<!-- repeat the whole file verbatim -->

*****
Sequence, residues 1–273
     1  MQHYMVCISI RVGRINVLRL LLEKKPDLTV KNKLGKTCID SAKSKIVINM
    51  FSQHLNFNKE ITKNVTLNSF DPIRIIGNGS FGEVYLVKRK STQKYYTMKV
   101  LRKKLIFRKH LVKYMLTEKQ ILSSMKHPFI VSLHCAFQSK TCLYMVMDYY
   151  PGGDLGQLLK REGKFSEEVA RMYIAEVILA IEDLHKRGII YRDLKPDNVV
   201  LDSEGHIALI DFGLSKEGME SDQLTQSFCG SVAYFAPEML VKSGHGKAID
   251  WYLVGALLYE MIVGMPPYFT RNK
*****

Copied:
Sequence, residues 1–273
     1  MQHYMVCISI RVGRINVLRL LLEKKPDLTV KNKLGKTCID SAKSKIVINM
    51  FSQHLNFNKE ITKNVTLNSF DPIRIIGNGS FGEVYLVKRK STQKYYTMKV
   101  LRKKLIFRKH LVKYMLTEKQ ILSSMKHPFI VSLHCAFQSK TCLYMVMDYY
   151  PGGDLGQLLK REGKFSEEVA RMYIAEVILA IEDLHKRGII YRDLKPDNVV
   201  LDSEGHIALI DFGLSKEGME SDQLTQSFCG SVAYFAPEML VKSGHGKAID
   251  WYLVGALLYE MIVGMPPYFT RNK